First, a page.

Although security is often an unseen foundation of placemaking, safety is the quiet driver of design and programming in our most successful cities. Yet as we move into the 21st century, we have begun to witness the ways in which our cities are unprepared for terror attacks. The circumstances and contexts of terror threats are ever-changing – in the past couple of years we have seen drastic changes to the complexity, frequency, and intensity of attacks in public places. With the trend of vehicular attacks on the rise, policy makers, urban designers, and landscape architects are considering more serious measures directed towards hostile vehicle mitigation (HVM). These measures are often in the form of street furniture aimed at mitigating the impact of vehicle attacks against “soft targets” – targets that are relatively vulnerable due to easy accessibility and high crowd density.
The Evolving Threat of Hostile Vehicle Attacks
Since 2014, the number of hostile vehicle attacks (HVA) has been steadily increasing. The number of attacks has risen from single digits in the early 2010s to averaging about 25 attacks a year from 2014 to 2019, and over a hundred in 2020. Yet in an interview for the International Security Journal, Christian Schneider, Hostile Vehicle Mitigation Advisor, points out that it is not just the number of attacks that we must worry about, but two key factors that make vehicle attacks so dangerous: the diversification of motivations and targets in an attack, and the accessibility of a hostile vehicle.
First, the increase in the variety of potential vehicle attacks leaves us more unprepared than ever and introduces a new level of severity when it comes to security threats in our cities. Schneider explains that from 2016 onwards, vehicle attacks have become more common place in both Europe and North America, and that, more importantly, the demographic of attackers has expanded. Attacks have been motivated by hate crimes, the far-right, the far-left, anti-feminism, and even cases of domestic violence. In addition to the diversification of attackers, another key change in hostile vehicle attacks is the target selection. Vehicle attacks are seemingly moving from static locations, such as events and infrastructure, to mobile targets like demonstrators. For example, during the Unite the Right protest rally in Charlottesville Virginia, a white supremacist drove his car into a crowd, killing 32-year-old Heather Heyer, and wounding dozens of others. This was one of 50 vehicle-ramming incidents in the US since May 2020.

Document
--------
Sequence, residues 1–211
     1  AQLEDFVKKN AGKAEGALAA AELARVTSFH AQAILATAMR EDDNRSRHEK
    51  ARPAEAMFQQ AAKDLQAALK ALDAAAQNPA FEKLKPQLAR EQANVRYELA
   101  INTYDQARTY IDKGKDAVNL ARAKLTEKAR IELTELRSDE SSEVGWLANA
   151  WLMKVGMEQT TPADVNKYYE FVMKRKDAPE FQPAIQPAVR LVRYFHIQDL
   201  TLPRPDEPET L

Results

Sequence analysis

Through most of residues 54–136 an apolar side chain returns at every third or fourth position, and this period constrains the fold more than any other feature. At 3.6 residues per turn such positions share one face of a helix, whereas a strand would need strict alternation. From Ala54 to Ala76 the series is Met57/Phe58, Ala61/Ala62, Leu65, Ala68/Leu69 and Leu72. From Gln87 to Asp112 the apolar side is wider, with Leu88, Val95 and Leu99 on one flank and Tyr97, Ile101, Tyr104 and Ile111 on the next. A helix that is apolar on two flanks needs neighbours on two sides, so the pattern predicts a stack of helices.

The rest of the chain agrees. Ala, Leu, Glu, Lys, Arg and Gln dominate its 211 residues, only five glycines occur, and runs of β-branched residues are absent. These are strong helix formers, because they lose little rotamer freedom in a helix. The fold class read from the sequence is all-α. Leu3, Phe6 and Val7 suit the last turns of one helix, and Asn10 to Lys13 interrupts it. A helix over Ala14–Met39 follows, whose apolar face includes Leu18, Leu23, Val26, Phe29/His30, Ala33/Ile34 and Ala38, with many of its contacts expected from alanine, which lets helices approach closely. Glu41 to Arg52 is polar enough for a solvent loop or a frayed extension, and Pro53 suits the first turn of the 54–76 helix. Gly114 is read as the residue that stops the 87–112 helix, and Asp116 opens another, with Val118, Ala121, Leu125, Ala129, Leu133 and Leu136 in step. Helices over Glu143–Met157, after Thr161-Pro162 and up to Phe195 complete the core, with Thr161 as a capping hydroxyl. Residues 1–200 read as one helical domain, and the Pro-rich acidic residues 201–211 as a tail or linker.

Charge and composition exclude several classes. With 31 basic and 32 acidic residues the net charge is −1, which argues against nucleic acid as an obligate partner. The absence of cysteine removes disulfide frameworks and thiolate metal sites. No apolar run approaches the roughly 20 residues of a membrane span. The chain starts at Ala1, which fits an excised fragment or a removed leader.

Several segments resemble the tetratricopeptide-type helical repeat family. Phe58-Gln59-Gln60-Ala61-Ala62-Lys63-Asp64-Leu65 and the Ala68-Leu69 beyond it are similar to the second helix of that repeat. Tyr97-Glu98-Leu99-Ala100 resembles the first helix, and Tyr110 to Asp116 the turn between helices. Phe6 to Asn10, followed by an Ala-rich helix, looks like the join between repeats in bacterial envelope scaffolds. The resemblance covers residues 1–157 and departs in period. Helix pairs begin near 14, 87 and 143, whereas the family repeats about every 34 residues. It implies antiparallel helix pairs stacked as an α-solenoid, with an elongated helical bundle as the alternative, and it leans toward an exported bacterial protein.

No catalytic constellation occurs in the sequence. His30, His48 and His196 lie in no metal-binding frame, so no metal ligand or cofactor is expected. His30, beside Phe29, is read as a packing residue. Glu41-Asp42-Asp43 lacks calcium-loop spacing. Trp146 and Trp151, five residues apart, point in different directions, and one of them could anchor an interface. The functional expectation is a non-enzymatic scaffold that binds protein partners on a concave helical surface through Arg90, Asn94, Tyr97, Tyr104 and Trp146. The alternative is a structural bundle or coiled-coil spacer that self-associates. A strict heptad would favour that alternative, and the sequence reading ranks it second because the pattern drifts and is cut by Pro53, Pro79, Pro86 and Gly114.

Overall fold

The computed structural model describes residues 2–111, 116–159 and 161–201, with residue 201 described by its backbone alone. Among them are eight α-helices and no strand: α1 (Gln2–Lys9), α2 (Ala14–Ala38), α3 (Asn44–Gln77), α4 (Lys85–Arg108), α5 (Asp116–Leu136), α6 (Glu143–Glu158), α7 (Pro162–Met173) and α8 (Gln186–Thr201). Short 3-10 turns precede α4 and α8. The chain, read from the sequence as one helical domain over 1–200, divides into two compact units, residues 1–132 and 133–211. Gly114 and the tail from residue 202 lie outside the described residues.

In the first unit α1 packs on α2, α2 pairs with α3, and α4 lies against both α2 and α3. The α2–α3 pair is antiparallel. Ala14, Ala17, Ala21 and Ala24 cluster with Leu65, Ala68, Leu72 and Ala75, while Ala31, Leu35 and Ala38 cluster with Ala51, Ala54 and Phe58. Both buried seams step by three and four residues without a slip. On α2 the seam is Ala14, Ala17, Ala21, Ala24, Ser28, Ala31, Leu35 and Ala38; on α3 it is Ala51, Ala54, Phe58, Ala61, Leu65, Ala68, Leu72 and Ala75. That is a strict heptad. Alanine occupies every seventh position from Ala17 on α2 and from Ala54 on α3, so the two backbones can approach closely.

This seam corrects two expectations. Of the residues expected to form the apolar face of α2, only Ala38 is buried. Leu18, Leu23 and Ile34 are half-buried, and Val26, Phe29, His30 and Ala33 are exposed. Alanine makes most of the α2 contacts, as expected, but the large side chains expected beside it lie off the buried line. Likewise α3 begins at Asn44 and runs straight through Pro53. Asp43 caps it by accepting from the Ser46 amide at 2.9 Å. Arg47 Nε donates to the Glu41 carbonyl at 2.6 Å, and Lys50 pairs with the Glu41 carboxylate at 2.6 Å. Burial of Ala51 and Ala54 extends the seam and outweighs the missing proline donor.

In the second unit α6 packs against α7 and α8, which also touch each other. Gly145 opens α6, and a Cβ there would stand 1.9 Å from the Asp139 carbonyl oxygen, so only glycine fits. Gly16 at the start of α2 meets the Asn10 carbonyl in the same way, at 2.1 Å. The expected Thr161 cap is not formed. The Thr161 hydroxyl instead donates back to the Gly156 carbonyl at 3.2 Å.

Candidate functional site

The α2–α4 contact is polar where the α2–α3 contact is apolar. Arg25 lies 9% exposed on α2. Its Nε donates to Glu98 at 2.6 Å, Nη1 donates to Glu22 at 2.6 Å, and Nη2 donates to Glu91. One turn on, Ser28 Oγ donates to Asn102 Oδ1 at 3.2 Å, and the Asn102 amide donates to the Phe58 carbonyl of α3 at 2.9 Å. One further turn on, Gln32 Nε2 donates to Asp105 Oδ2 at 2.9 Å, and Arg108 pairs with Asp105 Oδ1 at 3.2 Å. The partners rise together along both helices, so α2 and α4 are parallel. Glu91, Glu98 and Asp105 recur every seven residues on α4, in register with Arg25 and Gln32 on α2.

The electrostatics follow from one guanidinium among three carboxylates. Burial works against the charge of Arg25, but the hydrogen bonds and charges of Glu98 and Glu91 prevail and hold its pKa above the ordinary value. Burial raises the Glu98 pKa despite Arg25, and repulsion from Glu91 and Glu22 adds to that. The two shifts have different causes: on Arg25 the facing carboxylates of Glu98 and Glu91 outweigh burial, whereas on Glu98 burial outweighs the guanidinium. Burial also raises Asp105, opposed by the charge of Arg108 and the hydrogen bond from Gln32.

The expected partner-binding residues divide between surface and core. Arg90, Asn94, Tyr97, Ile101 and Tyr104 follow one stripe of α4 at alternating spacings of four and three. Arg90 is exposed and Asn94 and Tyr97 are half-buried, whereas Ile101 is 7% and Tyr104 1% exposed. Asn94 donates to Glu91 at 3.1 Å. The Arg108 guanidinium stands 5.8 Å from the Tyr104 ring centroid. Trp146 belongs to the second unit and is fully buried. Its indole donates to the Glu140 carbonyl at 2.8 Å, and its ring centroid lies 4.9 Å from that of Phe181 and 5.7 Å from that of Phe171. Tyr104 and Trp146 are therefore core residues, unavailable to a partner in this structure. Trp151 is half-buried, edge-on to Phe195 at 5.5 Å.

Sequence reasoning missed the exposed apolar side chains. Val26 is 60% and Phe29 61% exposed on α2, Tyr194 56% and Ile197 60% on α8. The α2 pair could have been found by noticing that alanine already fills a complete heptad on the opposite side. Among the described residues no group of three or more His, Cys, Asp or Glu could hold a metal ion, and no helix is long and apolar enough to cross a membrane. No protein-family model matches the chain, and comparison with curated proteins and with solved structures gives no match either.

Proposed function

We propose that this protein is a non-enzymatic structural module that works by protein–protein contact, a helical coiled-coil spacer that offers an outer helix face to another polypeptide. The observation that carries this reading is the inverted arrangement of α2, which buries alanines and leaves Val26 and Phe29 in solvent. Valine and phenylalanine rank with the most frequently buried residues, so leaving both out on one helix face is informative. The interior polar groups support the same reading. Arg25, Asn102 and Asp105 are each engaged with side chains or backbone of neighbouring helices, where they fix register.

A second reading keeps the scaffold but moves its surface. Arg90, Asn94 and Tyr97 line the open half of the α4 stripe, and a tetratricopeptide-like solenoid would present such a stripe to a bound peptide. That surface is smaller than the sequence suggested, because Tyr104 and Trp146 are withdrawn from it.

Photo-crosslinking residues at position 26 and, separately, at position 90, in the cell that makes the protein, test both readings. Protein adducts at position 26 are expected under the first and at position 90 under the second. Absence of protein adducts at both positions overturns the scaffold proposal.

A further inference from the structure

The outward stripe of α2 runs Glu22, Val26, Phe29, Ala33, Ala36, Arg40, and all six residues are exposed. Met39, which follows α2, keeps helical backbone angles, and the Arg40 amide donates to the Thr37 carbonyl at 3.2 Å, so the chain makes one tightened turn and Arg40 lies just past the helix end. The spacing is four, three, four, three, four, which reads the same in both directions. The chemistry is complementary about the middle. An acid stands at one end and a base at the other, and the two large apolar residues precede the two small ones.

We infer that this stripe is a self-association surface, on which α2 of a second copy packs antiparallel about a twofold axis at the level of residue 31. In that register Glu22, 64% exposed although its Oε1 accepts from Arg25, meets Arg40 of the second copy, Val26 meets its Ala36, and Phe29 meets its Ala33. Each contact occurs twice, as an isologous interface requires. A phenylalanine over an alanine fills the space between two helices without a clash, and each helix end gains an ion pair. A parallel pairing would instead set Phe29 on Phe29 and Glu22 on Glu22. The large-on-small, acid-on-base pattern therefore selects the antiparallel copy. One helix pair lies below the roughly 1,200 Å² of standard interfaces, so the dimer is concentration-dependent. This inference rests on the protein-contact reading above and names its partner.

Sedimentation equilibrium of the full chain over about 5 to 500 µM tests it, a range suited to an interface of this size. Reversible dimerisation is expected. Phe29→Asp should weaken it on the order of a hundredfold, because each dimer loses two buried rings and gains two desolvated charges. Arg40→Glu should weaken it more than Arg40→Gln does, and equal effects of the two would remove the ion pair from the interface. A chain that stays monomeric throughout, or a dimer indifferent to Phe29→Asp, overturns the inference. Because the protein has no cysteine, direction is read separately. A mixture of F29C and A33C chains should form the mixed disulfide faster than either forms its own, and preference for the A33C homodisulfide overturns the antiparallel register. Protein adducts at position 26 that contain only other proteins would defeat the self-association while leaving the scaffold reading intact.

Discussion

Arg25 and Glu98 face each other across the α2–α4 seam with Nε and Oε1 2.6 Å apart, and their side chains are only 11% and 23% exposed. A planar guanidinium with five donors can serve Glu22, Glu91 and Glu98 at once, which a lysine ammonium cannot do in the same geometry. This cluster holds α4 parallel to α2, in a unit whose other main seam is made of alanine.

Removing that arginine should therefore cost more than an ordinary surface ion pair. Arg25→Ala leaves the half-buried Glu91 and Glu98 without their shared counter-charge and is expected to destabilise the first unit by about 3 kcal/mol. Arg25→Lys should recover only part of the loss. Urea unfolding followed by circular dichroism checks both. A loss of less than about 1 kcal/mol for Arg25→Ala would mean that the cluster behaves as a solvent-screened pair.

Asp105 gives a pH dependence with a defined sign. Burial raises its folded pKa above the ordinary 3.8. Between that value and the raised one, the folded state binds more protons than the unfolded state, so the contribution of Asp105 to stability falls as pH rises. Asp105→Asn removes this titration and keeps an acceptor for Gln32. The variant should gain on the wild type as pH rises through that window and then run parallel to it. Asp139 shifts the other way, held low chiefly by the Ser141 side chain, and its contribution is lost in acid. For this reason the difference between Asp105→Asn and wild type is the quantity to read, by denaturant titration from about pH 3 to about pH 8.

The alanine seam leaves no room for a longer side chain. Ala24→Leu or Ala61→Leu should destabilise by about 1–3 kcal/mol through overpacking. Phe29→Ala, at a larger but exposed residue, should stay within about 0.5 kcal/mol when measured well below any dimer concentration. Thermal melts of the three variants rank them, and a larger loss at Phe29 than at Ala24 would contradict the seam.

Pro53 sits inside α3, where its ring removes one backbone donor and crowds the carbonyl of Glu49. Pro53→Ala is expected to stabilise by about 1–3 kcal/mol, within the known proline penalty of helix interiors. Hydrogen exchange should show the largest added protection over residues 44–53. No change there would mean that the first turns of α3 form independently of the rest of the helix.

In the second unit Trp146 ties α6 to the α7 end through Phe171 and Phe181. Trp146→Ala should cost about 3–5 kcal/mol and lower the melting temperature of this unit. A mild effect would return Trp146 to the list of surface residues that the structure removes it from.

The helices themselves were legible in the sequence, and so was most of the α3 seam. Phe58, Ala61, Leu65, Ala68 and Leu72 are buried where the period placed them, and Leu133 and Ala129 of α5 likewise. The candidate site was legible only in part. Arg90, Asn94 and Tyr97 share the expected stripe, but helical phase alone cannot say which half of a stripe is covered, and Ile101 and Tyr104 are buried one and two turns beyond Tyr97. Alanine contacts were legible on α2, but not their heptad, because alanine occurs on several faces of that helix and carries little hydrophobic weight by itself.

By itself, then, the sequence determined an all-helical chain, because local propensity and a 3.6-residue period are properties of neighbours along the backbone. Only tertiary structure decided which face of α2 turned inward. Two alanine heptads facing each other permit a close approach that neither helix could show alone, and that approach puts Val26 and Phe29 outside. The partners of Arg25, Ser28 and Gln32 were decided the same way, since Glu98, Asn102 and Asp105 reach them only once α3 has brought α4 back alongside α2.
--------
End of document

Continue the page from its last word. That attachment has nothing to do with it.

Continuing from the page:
Second, research suggests that the use of a hostile vehicle requires much less planning than other methods. As such, the preparation time required for such attacks will diminish as tactics move from planned to opportunity based. The terrorist attack in Barcelona, for example, shows how easy it is to do severe damage. As explained by BBC News Security Respondent, Gordon Corera, “The weapons employed are readily available and there is little, or no training, coordination or planning required. This means there are few points where individuals can be spotted by the intelligence services.”
Why Are Our Cities Not More Prepared?